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Features Live Action Movies

Synchronic

Directors – Justin Benson, Aaron Moorhead – 2019 – US – Cert. 15 – 102m

*****

Two New Orleans paramedics stumble upon a designer drug causing weird hallucinations and inexplicable deaths in this mind-bending science fiction yarn – on VoD from Friday, January 29th

The prior films of creative partners Benson & Moorhead (The Endless, 2017; Spring, 2014; Resolution, 2012) inevitably set the bar high since they’ve consistently astonished audiences with their mind-bending narratives. Normally I watch films once then review them, but on this occasion I’ve had the privilege of wilfully watching Synchronic three times in the last year or so. This in itself tells you something about this film’s narrative pleasures. And given that Marvel recently signed the duo up to direct episodes of Moon Knight for Disney+, it would seem Hollywood is of a similar opinion.

Its extraordinary story involves two New Orleans paramedics whose characters completely engage you and pulls you in. Which is just as well because they stumble on some pretty strange stuff in the course of their work – in particular, calls involving trauma and sometimes death in the aftermath of bad drug trips.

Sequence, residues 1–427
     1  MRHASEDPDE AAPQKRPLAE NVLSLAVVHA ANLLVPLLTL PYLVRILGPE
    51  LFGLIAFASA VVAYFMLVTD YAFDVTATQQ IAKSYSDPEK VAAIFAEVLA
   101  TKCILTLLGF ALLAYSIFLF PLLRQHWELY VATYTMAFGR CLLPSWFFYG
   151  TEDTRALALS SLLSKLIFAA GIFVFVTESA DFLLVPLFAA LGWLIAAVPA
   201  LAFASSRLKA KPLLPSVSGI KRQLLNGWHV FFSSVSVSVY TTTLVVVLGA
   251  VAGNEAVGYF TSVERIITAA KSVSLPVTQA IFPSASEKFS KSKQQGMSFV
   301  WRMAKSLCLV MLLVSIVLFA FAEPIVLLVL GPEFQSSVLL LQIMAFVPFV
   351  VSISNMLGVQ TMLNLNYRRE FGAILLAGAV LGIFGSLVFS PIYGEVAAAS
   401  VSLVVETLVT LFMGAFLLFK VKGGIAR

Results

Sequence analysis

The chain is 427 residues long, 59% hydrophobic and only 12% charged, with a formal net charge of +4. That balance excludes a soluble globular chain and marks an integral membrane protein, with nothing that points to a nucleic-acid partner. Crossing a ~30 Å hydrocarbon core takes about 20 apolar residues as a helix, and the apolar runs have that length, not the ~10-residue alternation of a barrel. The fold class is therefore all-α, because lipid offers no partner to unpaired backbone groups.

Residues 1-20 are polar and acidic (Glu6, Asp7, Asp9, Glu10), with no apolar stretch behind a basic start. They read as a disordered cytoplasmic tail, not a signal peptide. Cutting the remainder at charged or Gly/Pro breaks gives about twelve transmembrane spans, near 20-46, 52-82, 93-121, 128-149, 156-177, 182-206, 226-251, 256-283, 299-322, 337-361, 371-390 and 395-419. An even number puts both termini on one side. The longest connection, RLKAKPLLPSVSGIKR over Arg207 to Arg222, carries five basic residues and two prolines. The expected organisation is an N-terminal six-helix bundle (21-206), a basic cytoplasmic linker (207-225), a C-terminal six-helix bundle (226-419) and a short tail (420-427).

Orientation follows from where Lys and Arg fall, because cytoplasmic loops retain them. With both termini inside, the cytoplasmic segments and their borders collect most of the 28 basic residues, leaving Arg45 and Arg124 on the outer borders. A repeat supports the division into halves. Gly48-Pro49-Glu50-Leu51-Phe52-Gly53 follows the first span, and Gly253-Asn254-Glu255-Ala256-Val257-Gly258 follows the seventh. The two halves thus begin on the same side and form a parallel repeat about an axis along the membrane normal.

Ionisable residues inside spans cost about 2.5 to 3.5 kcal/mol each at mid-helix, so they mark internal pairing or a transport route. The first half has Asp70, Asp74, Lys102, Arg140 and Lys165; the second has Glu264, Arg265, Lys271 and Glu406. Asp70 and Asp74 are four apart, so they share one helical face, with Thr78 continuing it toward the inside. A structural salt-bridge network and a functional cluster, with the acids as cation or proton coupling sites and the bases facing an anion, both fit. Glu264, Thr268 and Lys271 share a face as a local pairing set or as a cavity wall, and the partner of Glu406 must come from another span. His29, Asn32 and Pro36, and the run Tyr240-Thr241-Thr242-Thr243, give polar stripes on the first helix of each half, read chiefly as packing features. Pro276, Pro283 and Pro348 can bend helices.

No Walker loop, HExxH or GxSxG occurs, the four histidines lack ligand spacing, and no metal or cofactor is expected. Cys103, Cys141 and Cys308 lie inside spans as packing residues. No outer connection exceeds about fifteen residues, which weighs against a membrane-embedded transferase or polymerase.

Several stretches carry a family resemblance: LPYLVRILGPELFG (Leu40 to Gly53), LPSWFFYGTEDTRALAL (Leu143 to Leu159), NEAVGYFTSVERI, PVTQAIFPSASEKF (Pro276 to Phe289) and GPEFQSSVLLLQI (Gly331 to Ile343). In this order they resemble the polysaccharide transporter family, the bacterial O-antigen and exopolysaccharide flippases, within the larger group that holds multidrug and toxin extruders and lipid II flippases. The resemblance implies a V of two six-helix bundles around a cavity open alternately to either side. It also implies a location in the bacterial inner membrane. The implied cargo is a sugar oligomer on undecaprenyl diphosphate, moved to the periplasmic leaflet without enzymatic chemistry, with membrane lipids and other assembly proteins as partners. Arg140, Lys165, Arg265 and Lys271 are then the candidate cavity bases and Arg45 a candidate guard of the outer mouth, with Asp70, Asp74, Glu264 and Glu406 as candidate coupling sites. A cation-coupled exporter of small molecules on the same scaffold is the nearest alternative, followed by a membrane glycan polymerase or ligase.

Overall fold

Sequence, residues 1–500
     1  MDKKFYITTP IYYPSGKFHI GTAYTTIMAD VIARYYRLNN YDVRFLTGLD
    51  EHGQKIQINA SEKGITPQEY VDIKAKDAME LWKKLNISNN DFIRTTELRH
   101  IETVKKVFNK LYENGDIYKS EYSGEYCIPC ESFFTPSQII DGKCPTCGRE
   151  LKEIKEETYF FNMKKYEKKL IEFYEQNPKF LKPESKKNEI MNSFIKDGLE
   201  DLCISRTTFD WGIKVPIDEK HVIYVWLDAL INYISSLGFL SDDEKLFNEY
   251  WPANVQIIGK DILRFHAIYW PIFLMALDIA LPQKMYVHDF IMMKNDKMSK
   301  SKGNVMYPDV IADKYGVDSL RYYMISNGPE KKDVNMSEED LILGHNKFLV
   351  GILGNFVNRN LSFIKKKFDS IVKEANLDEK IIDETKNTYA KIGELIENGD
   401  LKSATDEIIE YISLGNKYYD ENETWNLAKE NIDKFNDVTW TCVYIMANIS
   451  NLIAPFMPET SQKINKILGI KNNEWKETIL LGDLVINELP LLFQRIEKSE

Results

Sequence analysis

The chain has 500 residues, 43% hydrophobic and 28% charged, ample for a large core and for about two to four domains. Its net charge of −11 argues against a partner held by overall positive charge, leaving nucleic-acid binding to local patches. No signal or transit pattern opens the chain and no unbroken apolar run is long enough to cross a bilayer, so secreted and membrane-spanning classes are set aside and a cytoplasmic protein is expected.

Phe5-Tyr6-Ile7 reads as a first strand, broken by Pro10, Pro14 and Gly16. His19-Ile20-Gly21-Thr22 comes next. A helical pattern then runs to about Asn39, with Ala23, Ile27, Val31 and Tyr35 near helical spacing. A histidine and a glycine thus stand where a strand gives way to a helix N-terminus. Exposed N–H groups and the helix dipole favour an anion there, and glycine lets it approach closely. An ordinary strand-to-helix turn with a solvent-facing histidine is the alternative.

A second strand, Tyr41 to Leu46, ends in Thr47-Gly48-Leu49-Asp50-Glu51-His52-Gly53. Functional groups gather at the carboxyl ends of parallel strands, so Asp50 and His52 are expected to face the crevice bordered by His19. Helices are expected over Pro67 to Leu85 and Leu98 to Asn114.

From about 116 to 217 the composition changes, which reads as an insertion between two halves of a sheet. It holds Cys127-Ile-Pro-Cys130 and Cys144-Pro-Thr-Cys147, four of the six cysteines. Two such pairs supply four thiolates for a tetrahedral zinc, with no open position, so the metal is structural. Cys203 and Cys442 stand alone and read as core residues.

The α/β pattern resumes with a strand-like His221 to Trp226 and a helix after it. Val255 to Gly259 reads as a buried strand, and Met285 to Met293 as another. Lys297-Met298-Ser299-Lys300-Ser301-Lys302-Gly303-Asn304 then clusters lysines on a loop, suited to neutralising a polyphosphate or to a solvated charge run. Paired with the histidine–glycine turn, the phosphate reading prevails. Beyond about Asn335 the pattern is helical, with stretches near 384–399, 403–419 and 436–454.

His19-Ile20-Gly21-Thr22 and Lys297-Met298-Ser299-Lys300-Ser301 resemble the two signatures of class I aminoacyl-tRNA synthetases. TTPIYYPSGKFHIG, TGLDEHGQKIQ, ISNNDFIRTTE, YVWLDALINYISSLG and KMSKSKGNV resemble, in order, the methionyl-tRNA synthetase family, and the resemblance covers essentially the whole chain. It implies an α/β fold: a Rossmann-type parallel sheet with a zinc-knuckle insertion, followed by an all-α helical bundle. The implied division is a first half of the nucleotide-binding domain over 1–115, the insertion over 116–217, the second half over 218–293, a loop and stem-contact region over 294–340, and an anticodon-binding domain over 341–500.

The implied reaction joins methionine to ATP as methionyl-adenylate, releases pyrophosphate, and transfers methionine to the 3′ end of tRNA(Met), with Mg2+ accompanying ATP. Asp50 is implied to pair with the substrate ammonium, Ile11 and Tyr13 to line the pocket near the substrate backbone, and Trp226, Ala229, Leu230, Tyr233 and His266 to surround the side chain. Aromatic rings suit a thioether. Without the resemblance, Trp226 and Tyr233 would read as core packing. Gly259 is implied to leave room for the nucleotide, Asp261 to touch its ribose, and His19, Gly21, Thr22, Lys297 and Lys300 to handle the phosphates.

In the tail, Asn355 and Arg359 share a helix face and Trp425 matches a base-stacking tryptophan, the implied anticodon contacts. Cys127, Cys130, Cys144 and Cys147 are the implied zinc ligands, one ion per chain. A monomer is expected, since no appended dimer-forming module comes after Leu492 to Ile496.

It opens with a couple at home taking some hallucinogenic drugs and seeing / experiencing some extremely weird goings on.… Read the rest

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Features Live Action Movies

The Vast Of Night

Director – Andrew Patterson – 2019 – US – Cert. 12 – 91m

*****

A radio DJ and a young switchboard operator discover strange noises in the ether which may possibly be of great significance to the small US town where they live in the fifties – on Amazon Prime since Friday, May 29th 2020

Bookended with a curious and somewhat redundant framing device which sets up an episode of black & white, fifties TV show Paradox Theater called The Vast Of Night, to which the otherwise colour film periodically and pointless returns from time to time, this is an enigmatic little tale set in the small rural US town of Cayuga where the local high school is set to host a basketball team for a match.